SUSER(9) MidnightBSD Kernel Developer’s Manual SUSER(9)


suser, suser_cred — check if credentials have superuser privileges


#include <sys/priv.h>


suser(struct thread *td);


suser_cred(struct ucred *cred, int flag);


The suser() and suser_cred() functions check if the credentials given include superuser powers.

These interfaces have now been obsoleted by priv(9), and are provided only for compatibility with third party kernel modules that have not yet been updated to the new interface. They should not be used in any new kernel code.

The suser() function is the most common, and should be used unless special circumstances dictate otherwise.

The suser_cred() function should be used when the credentials to be checked are not the thread’s own, when there is no thread, when superuser powers should be extended to imprisoned roots, or when the credential to be checked is the real user rather than the effective user.

Whether or not a privilege is permitted in a jail(8) depends on logic in prison_priv_check().

In general, privileges are assigned based on the effective user ID; in some cases, the real user ID may be used.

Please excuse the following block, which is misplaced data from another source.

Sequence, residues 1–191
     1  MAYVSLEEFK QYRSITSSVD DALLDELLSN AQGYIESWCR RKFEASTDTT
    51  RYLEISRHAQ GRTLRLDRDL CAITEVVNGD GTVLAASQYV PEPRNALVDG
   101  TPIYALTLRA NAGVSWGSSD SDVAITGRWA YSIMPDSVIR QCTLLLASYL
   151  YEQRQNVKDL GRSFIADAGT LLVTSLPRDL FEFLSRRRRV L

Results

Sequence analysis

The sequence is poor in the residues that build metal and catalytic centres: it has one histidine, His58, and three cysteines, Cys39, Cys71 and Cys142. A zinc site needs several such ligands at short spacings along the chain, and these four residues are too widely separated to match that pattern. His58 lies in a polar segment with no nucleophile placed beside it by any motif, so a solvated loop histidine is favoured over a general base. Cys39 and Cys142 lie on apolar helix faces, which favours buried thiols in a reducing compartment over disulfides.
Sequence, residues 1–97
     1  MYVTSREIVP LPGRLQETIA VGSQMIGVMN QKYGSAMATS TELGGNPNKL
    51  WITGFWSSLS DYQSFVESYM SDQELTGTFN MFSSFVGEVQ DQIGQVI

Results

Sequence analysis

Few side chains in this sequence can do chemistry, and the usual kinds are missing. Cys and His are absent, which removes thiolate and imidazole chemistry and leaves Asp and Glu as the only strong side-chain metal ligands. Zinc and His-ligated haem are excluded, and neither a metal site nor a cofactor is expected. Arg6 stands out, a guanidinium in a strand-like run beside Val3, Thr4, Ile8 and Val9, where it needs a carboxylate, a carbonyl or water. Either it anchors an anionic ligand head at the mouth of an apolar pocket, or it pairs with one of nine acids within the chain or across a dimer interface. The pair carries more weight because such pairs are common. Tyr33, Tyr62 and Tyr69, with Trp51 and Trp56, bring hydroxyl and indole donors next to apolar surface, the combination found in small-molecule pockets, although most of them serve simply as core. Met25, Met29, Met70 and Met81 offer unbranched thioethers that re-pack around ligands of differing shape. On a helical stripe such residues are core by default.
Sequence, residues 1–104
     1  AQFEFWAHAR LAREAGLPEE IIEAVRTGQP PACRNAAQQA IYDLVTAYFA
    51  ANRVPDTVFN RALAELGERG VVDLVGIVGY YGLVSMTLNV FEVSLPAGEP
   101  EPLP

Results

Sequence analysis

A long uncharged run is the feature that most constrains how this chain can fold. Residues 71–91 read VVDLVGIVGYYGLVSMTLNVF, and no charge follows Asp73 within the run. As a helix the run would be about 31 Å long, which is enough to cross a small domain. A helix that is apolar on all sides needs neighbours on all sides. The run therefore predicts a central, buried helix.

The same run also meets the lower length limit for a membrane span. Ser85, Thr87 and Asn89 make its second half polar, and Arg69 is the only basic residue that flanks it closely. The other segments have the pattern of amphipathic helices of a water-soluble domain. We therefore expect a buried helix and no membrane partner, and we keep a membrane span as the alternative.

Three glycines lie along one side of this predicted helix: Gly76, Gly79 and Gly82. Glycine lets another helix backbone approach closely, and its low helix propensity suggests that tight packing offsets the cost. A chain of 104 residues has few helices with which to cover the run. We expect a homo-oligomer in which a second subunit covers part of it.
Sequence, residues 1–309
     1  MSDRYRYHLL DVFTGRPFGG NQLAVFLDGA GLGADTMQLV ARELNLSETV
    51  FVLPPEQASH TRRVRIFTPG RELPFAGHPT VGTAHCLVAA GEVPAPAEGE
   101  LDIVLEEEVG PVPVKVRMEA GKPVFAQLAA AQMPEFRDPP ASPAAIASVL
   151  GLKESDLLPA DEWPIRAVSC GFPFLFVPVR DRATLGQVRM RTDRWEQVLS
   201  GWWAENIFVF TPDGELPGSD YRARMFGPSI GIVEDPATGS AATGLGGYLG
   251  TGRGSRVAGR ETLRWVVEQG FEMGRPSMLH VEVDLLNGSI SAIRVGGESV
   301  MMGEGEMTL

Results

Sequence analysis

The flags field is currently unused.

The suser() and suser_cred() functions note the fact that superuser powers have been used in the process structure of the process specified. Because part of their function is to notice whether superuser powers have been used, the functions should only be called after other permission possibilities have been exhausted.


The suser() and suser_cred() functions return 0 if the user has superuser powers and EPERM otherwise. This is the reverse logic of some other implementations of suser() in which a TRUE response indicates superuser powers.


chroot(2), jail(2), priv(9)


The suser() and suser_cred() functions do not, in fact, record that superuser privileges have been used, and have not done so since August 2000.

MidnightBSD 0.3 August 30, 2007 MidnightBSD 0.3